The same reports that predicted Brazil’s takeoff also noted that Mexico was headed toward becoming the seventh largest economy in the world. Under its two previous administrations, these positive assessments were substantiated by financial discipline, deft management of the 2007–08 global financial crisis, responsible monetary policies, robust trade policies, and historic levels of foreign direct investment. It remains to be seen whether these healthy economic conditions can be maintained if Peña Nieto gives into the demand for traditional populist formulas that look to the state for solutions and increased social spending.
To his credit, Peña Nieto came to office promising comprehensive reforms that would improve Mexico’s long-term economic performance. Under El Pacto por México (the Pact for Mexico), the president and leaders of the country’s three major parties agreed to implement a series of important initiatives, including reforms of the education, telecommunication, financial, and energy sectors. The ability of this administration to win approval of so many reforms from a fractious Congress is impressive, particularly in light of the groundbreaking nature of most of these reforms. Of particular importance are the tax overhaul and energy reform.
The fiscal reform adopted last fall is not without its critics. In addition to raising taxes on the wealthy to help finance increased social spending, the new tax regime will extract more revenue from the productive, salaried middle class. Worse yet, the new taxes will not keep up with new spending—the equivalent of 4 percent of GDP—that was adopted to compensate for the economic slowdown. The combination of high taxation and rising government expenditures could threaten the steady growth that Mexico had achieved in recent years.
One renowned expert on the Mexican economy, Raúl Aníbal Feliz of the Center for Research and Teaching in Economics, criticized the tax reform as “mediocre” and warned that it would undermine Mexico’s economic stability.
He noted that the reforms do not improve the efficiency of tax collection and that taxes remain too high for an economy the size of Mexico’s. He predicted that the government would have to either cut spending or revisit the tax structure in the near future.
Another economist, Hector Villarreal, director for the Center for Economic Research and Budget in Mexico, recently warned, “The government is increasing its debt and disregarding economic growth, and this, in the long run, may end up in a deficit of 10 percent of GDP at the end of this administration.”
On the other hand, Peña Nieto’s energy reform took specific aim at the long-standing “third rail” of Mexican politics: opening up the oil sector to foreign investment. Although the president’s original proposal was cautious, the ensuing legislative process produced a transformational package. The ruling Institutional Revolutionary Party (PRI) and the center-right National Action Party (PAN) approved a substantial, sweeping plan for restructuring Mexico’s poorly managed energy sector. The language also proposes to reduce the influence of the powerful oil workers union by eliminating its representation on the company’s board.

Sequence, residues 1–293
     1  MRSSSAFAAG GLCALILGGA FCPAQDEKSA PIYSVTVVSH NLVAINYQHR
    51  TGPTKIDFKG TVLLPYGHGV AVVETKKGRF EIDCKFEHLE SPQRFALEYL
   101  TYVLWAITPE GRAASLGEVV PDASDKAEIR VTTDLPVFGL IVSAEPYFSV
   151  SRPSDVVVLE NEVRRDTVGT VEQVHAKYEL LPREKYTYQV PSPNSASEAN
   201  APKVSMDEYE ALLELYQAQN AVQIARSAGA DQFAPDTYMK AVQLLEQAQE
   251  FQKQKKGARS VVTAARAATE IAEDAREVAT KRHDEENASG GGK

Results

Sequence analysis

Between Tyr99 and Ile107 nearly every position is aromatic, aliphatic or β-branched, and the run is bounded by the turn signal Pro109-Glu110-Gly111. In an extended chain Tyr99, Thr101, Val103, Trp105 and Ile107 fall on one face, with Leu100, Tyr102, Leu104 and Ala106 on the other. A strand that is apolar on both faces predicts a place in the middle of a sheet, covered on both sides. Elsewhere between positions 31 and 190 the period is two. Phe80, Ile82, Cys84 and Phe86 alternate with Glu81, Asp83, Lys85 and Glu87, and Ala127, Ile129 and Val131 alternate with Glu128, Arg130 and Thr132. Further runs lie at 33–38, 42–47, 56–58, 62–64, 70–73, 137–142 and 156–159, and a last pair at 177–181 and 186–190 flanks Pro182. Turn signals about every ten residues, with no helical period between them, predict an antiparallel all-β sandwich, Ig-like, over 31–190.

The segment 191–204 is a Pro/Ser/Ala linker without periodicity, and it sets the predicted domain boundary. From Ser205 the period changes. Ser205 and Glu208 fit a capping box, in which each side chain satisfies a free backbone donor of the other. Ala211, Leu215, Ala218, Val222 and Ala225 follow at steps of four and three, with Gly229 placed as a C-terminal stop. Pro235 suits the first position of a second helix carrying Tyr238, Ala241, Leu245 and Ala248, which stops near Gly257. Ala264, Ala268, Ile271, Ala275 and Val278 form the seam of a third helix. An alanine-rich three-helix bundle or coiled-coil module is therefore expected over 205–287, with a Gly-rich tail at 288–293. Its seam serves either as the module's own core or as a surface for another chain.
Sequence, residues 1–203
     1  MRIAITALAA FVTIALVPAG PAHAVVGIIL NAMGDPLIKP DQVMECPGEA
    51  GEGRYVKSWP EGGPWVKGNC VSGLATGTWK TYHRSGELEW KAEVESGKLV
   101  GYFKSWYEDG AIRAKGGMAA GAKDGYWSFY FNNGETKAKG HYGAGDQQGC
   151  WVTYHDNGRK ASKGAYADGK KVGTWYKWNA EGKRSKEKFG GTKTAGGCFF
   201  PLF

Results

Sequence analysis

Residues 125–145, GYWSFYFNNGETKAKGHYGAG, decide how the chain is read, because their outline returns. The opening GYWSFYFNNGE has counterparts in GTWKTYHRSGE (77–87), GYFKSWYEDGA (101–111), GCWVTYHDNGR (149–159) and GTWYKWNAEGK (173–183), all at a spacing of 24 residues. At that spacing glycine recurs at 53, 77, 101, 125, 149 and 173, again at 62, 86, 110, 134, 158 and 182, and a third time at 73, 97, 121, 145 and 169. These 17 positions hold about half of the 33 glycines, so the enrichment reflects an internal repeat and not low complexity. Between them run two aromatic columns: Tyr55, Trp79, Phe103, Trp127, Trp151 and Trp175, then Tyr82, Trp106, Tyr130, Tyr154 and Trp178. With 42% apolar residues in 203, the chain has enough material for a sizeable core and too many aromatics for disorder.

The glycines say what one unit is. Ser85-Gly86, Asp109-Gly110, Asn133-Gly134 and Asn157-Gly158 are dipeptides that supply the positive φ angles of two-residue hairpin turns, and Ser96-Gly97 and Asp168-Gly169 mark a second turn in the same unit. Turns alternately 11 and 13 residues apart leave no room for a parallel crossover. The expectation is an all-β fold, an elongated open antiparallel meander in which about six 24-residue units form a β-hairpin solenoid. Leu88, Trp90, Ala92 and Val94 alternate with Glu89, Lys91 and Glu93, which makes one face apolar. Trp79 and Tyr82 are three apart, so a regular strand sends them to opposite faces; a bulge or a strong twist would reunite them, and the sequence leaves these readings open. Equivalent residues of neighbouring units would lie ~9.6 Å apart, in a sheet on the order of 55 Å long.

In addition to improving performance, other reforms seek to improve the financial management of the state-run oil company Petróleos Mexicanos (PEMEX). For example, a key provision will reduce the amount of revenue that PEMEX funnels into the government’s budget from more than 50 percent of its revenue to no more than 4.7 percent. This will allow PEMEX to reinvest what it needs in exploration, operations, and maintenance to improve profitability.
Moreover, a “Mexican Petroleum Fund” will channel funds to a sustainable pension fund for PEMEX employees, provide a reliable source of funding for infrastructure (30 percent of revenues), and invest in PEMEX’s human capital (10 percent of revenues) to encourage postgraduate education and specialization for the company’s workers.
Although the privatization of Mexico’s oil industry was never seriously considered, significant opportunity exists today for improving the sector’s performance. If implemented thoroughly, energy sector reforms can be transformational in fueling Mexico’s economic development and making the country into an energy powerhouse. The next several years will be pivotal in assessing whether PEMEX will succeed in adopting modern policies and practices, particularly by welcoming private investment, reducing government interference and taxes, and taming the influence of powerful and corrupt labor unions.
Until the so-called “secondary legislation” is finalized, it is not clear whether this energy reform will meet the high expectations of industry observers and financial markets. Implementation of the laws and regulations, which will determine the depth and breadth of the energy reforms, is still being hammered out between the PRI and the PAN. For example, the secondary legislation would define the management structure and the terms for the exploration, exploitation, refinement, and transportation of oil and gas. It also will establish the parameters for private investment and for the collaboration of private companies in ventures with PEMEX. Unfortunately, recent partisan rancor has delayed negotiations on this critical legislation.
Roger F. Noriega is a former assistant secretary of state for Western Hemisphere affairs (Canada, Latin America, and the Caribbean) and a former U.S. ambassador to the Organization of American States. He coordinates the Latin America program of the American Enterprise Institute (AEI). This column is based on an excerpt from a recent AEI Latin America Outlook report.